BtoB: What's involved in Web 2.0 measurement from your perspective?
Peterson: Web 2.0 is a multiheaded beast. Some of Web 2.0 is as simple as Flash and Flex, technologies that have been around for years and that most site operators, developers and measurement solutions are quite familiar with. I'd put AJAX in that camp too. Other technologies—like RSS feeds, and weblogs and social networks—are a bit newer. We need to get a measure of the impact of these technologies to enable marketers to do business online.
BtoB: What should marketers measure when they measure Web 2.0?
Peterson: When the IT department puts together an AJAX application, it's a beautiful thing. But do you measure every visitor interaction, every slide, drag and pull? Or none of that? That's the central complexity—what to measure? And it extends to RSS [and other Web 2.0 technologies] as well. Marketers I talk to are asking exactly these types of questions. The answers are not always immediately forthcoming. You could simplify things and measure Web 2.0 largely in a Web 1.0 framework of visitors, visits and page views. It works. The problem is nobody looks at that type of measurement and feels particularly good about it.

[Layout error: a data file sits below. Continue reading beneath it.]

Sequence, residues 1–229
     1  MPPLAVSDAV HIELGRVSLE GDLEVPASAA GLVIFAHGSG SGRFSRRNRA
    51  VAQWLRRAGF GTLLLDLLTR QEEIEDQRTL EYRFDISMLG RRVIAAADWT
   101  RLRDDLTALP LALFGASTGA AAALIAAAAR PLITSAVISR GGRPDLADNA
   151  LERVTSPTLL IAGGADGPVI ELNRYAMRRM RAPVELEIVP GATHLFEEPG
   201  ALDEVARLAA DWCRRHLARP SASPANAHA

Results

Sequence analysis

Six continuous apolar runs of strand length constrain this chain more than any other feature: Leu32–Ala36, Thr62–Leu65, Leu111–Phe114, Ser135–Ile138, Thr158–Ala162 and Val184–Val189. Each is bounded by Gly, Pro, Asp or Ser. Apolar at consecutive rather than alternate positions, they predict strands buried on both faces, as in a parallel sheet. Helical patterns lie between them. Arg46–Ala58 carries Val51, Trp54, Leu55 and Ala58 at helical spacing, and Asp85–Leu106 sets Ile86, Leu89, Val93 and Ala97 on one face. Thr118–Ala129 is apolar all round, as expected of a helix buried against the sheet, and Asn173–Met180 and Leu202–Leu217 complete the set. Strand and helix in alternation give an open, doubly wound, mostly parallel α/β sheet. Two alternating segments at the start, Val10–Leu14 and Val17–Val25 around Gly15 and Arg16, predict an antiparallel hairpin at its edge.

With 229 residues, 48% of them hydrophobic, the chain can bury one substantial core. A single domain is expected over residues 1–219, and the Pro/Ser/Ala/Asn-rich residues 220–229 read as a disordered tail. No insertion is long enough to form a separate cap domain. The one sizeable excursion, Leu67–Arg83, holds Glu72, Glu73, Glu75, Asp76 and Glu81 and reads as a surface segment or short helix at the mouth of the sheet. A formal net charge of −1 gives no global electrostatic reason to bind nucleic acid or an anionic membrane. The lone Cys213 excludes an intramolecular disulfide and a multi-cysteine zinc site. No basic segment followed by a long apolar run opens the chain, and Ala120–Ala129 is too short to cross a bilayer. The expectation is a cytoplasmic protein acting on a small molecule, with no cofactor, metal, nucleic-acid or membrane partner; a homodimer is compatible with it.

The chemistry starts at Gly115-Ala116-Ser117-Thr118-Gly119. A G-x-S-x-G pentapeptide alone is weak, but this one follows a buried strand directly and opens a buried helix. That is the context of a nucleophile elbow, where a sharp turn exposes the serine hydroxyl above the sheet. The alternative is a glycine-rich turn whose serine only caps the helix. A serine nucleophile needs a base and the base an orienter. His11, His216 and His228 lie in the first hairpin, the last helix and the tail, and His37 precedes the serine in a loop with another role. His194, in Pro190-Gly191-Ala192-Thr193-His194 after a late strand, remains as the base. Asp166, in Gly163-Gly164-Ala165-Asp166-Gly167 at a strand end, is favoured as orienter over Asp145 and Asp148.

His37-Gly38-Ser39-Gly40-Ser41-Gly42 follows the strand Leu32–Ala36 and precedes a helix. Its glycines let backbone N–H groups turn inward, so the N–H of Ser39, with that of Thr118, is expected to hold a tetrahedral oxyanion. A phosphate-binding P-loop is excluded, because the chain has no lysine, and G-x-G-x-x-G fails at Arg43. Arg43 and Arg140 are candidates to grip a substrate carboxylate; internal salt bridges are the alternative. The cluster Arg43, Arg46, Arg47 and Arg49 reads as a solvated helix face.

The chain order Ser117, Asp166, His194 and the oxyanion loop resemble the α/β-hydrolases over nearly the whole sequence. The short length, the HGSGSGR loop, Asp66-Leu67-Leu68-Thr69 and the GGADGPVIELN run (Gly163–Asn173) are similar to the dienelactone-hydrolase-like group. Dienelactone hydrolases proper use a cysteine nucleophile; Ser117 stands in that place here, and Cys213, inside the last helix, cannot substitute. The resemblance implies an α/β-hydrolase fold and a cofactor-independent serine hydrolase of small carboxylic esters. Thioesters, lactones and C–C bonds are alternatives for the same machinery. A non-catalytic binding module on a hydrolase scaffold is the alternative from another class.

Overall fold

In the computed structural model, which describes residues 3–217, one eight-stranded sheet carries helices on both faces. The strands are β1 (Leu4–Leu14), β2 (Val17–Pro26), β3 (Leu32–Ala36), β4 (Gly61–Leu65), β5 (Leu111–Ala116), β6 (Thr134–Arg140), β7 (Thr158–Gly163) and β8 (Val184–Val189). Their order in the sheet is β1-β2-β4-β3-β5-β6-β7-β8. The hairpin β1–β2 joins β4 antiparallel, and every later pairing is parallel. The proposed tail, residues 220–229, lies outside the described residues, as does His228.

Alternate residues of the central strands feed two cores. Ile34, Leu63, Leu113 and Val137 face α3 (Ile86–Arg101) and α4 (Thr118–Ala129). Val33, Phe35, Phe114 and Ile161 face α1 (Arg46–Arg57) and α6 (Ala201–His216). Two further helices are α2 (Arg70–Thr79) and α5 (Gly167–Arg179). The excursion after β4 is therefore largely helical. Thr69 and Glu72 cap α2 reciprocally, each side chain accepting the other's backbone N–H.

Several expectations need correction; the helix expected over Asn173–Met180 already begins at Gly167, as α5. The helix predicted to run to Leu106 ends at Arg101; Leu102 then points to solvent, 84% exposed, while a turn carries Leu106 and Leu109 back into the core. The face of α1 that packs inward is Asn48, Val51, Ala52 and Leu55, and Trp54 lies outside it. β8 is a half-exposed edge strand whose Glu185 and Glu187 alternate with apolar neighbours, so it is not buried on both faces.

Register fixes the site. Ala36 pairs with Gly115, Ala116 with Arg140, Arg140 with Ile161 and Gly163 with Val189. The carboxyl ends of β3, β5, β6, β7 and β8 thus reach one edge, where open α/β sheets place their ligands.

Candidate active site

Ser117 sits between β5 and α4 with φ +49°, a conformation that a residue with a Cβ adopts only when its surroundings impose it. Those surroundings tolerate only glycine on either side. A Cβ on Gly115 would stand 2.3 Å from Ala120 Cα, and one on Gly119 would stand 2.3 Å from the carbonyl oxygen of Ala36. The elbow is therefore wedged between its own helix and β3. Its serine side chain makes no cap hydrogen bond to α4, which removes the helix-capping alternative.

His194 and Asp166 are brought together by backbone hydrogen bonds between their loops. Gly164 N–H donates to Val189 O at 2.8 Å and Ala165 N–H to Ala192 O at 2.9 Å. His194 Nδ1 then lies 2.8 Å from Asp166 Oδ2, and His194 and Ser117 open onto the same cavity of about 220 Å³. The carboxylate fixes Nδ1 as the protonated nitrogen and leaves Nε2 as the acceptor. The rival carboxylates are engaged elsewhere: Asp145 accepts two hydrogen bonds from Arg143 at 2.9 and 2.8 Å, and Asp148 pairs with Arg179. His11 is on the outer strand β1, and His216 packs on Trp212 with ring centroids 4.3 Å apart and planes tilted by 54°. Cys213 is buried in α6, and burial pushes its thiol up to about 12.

BtoB: So are marketers even ready to move from Web 1.0 to Web 2.0 measurement?
Peterson: One mistake we make sometimes when talking about measurement 1.0 is that we feel like it's a pretty well- understood area. That's a fallacious assumption. There's still a lot of confusion. When you move to Web 2.0, the most important thing to do is thoughtfully consider measurements in advance of development. If you forget to consider measurement upfront, when you sit down and say, `OK, was this widget successful?' how will you know?
BtoB: How do you measure a concept like engagement?
Peterson: I think engagement is very complex but I believe we are closing in on a nonconversion metric that any site can take and apply to any Web 1.0 or Web 2.0 site. It's a measure of visitor engagement rather than a measure of page views per session. But you have to be careful. If my visitor engagement score is 30% higher, that doesn't tell me anything—I don't know if it's good or bad news. My visitors may be more engaged but very unhappy. All of which comes back to the fundamental problem [of any analytics]: the need for bright people to figure out what it all means.